Originally published in MedPage Today
by Kristina Fiore, MedPage Today Staff Writer
More than half of survey respondents said they were concerned about vaccine safety profiles, particularly for newer immunizations, Gary L. Freed, MD, MPH, of the University of Michigan, and colleagues reported online in Pediatrics.
And 12% of parents said they had refused at least one vaccine for their children.
“Continued high childhood immunization rates will be at risk if current safety concerns are not addressed effectively,” the researchers wrote, noting the comparatively high refusal rate.
Parents’ unwillingness to get their children vaccinated could lead to decreased immunization among the population. This has already been seen in recent outbreaks of mumps, measles, and other vaccine-preventable diseases.
So in January 2009 as part of a larger study, researchers sent 2,521 online surveys to a nationally representative sample of parents with children under age 17. Their 62% response rate gave them a total of 1,552 participants.
The immunization most frequently refused was the HPV vaccine (by 56% of those who had refused any vaccine). That was followed by varicella, meningococcal conjugate, and finally MMR.
Prior studies had found varicella to be the most frequently refused vaccine but neither meningococcal conjugate nor HPV vaccines were included in the earlier reports because they had not been approved yet. The researchers said their finding is likely a reflection of parents’ response to newer, less trusted vaccines.
In further analyses, the researchers found that mothers were more likely to have concerns about vaccines than fathers.
For example, they were more likely to be concerned about serious adverse events (60% versus 46%, P=0.0007), to believe that some vaccines cause autism (29% versus 17%, P=0.0008), and to have ever refused a vaccine for their children (14% versus 8%, P=0.0011).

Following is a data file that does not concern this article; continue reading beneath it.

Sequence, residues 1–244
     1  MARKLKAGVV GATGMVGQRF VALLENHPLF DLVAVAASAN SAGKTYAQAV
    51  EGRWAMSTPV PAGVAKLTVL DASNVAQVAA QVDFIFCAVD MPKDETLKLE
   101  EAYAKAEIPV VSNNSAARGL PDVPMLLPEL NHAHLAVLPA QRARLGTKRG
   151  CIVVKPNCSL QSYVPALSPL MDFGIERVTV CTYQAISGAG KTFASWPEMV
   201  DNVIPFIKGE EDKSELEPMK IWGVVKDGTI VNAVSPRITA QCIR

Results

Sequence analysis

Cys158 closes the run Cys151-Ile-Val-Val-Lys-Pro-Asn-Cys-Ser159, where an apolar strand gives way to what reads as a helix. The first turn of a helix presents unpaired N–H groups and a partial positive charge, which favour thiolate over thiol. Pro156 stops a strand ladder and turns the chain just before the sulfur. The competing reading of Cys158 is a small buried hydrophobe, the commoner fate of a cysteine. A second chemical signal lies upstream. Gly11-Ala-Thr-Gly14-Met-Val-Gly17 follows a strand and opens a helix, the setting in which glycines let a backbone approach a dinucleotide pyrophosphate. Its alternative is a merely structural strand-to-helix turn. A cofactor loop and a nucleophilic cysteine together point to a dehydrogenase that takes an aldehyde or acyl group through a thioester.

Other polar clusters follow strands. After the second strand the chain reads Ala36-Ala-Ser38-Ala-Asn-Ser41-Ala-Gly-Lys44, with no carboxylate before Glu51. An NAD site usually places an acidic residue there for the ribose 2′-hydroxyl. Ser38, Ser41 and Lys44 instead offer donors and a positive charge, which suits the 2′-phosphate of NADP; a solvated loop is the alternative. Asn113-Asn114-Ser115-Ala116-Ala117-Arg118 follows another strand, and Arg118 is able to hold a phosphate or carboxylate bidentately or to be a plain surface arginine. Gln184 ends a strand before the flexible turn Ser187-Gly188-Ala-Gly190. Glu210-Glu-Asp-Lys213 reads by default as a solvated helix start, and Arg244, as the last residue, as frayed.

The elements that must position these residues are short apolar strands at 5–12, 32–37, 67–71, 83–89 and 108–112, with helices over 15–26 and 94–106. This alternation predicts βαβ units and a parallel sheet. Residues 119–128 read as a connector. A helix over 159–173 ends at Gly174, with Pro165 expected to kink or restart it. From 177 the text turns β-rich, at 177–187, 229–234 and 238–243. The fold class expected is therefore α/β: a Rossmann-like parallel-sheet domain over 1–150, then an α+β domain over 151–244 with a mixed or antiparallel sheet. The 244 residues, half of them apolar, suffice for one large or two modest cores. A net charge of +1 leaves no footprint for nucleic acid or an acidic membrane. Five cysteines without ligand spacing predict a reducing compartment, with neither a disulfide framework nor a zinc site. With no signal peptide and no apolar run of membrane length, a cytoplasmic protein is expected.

Hispanic parents were much more likely than black or white parents to report that they generally follow their doctor’s recommendations about vaccines (37% versus 23% and 22%, respectively, P=0.01).
And they were less likely to ever have refused a vaccine (5% versus 15% and 12%, respectively, for blacks and whites, P=0.04).
“This may be indicative of a lag between perception regarding vaccine safety and action,” the researchers wrote. “Another possibility is that safety concerns may currently be outweighed by societal pressure within this community to vaccinate their children.”
Parents still link vaccines and autism, the researchers said, with about one in five continuing to believe that some vaccines cause autism in otherwise healthy children.
“Although peer-reviewed original scientific research and multiple expert committees that have reviewed all available data on this issue have failed to show any association between vaccines and autism, anecdotally the concern continues to affect parents,” they wrote.
They said their findings indicate that current public health education campaigns haven’t been effective, and they called for better, targeted educational campaigns.
The study was potentially limited by selection and response bias.